What is the best way to support penal and prison reform? Can prison reform contribute to individual security? This paper from the Global Facilitation Network for Security Sector Reform (GFN-SSR) analyses the experiences of Penal Reform International (PRI), in supporting penal reform in Morocco and Algeria. It suggests that supporting prison reform requires both modesty and ambition.
PRI sees penal reform as a process of working to improve and enforce the rule of law in criminal justice systems by promoting and protecting human rights. Experience has shown that penal reform must include both training and material support and have the full commitment of government. Both Moroccan and Algerian prison systems have made progress during the last years. PRI’s work in Morocco consisted of training prison staff working with adults and especially with juveniles, planning, human rights standards and social work, material improvements for juvenile centres and capacity building for the prison staff training centre. In Algeria, PRI carried out training for prisons staff and magistrates on sentence implementation and facilitation of detainee rehabilitation. In Algeria, participation in the training programmes has demonstrated a change in attitude. There has been significant modernisation in the prison system and a review of the prison code is underway. However:
- There is a danger that governments will use penal reform initiatives to generate international funding and improve their image.
- For penal reform to be successful a genuine commitment from the government is needed.
- In both Algeria and Morocco, political changes created an opportunity for engagement.
- Although much progress has been made in Morocco, there is a need to develop alternatives to imprisonment.
- Global terrorist threats have lead to laws that have generated concerns from local Human Rights organisations.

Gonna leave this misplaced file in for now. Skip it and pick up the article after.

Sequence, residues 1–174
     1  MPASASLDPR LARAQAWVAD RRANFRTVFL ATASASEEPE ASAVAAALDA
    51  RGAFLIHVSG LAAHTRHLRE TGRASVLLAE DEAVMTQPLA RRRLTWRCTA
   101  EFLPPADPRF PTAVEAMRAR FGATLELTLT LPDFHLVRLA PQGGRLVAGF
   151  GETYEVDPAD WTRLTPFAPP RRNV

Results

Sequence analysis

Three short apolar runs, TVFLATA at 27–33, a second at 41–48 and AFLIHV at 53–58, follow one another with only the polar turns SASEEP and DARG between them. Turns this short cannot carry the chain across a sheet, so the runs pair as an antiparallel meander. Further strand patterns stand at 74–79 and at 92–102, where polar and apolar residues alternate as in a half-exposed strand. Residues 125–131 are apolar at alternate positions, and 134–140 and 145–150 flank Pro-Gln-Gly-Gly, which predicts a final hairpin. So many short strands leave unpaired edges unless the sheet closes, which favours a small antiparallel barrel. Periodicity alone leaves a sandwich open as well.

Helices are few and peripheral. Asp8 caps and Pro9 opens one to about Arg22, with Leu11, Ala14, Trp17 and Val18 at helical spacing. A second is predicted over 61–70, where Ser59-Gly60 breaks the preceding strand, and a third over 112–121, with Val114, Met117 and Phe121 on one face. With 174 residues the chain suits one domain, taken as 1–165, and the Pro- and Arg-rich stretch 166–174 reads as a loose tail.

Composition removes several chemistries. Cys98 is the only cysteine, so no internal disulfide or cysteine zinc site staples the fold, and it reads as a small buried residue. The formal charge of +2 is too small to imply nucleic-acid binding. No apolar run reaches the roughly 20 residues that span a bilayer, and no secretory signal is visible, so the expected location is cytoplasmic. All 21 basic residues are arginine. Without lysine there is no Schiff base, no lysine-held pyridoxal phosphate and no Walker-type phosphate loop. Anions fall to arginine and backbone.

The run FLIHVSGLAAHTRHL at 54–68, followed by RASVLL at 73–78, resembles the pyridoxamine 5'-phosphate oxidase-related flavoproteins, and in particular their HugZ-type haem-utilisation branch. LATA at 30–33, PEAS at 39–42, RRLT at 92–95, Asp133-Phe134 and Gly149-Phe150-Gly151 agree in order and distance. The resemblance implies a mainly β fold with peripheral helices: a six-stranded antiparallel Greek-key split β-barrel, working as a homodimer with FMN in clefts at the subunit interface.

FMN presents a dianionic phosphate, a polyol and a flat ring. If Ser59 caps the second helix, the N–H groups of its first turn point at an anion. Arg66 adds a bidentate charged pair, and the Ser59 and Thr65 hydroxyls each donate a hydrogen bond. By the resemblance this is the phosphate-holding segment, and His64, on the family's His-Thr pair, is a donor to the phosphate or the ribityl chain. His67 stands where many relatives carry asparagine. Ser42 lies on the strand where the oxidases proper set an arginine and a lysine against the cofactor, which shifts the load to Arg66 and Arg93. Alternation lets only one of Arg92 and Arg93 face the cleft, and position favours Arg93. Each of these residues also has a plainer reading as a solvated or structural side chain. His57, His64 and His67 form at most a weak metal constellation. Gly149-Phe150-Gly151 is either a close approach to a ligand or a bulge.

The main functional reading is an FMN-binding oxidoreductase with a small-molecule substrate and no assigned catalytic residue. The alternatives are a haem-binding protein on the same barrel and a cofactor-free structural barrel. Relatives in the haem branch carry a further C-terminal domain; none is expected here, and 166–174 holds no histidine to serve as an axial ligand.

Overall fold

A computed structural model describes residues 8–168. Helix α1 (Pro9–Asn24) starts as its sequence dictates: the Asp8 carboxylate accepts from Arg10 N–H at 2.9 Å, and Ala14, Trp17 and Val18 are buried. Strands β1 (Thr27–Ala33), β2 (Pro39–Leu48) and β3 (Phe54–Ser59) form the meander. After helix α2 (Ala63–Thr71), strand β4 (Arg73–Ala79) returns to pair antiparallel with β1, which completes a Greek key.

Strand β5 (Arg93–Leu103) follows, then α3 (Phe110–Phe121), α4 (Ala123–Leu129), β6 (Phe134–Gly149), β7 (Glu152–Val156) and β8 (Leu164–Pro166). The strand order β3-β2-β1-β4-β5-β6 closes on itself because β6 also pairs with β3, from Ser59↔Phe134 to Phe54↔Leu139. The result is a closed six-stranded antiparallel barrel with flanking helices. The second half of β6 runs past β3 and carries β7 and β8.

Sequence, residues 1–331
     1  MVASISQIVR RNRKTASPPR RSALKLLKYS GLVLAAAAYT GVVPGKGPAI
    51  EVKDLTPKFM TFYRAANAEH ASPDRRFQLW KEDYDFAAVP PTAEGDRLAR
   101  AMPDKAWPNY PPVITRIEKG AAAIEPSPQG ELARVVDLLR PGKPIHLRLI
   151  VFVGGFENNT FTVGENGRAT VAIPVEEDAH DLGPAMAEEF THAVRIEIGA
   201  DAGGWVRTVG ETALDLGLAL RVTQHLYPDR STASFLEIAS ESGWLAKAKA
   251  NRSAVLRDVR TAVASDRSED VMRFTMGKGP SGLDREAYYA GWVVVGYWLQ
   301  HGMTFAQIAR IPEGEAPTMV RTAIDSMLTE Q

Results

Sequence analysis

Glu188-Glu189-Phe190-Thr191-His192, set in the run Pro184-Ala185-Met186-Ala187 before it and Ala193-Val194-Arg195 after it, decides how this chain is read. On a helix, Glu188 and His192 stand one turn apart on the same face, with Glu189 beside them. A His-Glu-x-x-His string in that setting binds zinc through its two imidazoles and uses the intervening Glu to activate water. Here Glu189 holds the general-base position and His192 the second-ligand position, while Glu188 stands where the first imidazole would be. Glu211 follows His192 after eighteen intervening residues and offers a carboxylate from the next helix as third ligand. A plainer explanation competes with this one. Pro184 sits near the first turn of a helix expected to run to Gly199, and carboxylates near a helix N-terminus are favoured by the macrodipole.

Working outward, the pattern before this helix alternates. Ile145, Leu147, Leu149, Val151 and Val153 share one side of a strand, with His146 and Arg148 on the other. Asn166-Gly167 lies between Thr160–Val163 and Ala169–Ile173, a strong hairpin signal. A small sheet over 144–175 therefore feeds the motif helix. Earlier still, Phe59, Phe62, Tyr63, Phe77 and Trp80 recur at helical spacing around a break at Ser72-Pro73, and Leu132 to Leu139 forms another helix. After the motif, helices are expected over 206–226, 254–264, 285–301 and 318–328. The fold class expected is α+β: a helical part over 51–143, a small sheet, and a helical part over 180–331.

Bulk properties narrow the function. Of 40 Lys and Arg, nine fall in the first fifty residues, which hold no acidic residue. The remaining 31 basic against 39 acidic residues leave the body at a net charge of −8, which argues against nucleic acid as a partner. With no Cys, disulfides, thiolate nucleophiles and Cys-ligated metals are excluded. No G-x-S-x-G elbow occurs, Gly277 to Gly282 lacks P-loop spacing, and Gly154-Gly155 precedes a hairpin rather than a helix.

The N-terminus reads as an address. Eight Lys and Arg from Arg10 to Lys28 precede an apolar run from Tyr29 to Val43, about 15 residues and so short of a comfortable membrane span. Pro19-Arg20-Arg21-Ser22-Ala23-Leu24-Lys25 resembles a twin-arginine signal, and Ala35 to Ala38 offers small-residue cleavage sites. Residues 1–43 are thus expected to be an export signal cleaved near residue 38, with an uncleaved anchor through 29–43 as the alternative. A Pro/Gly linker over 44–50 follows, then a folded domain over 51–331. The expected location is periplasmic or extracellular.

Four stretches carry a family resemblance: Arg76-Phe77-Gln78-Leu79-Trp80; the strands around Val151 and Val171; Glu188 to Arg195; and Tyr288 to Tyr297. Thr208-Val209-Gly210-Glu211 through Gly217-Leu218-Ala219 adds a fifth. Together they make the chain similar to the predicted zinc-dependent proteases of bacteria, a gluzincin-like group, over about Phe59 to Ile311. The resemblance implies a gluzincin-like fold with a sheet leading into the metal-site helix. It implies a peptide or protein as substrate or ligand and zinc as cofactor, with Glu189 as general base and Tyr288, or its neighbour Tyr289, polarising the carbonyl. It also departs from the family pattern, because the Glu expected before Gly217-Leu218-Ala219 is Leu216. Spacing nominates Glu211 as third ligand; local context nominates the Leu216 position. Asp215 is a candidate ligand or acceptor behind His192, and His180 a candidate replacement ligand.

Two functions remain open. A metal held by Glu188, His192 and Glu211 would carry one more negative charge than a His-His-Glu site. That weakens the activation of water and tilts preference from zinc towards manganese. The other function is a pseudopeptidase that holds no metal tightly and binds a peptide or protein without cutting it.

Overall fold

Supporting prison reform requires both modesty and ambition. Ambition to see potential for change and modesty to accept that it is not the role of international Non-Governmental Organisations (NGOs) to substitute for government. Lessons emerging from experience are:
- Penal reform cannot be undertaken without the full support of government and the involvement of national NGOs and other civil society representatives.
- Linkages between the prison system and its social environment should not be occasional or exceptional but permanent and systematic.
- The role of international NGOs is to strengthen, orient and support governments rather than to substitute for them. Structure and behavioural changes take a long time.
- Prison cannot, and should not, be seen as the only way of dealing with delinquency, crime and criminal activity.
- It is important to recognise that material needs, for example prison repairs – are also important.
- As the success of rehabilitation actions depends on the general attitude towards prisoners, the importance of public information and awareness raising should not be neglected.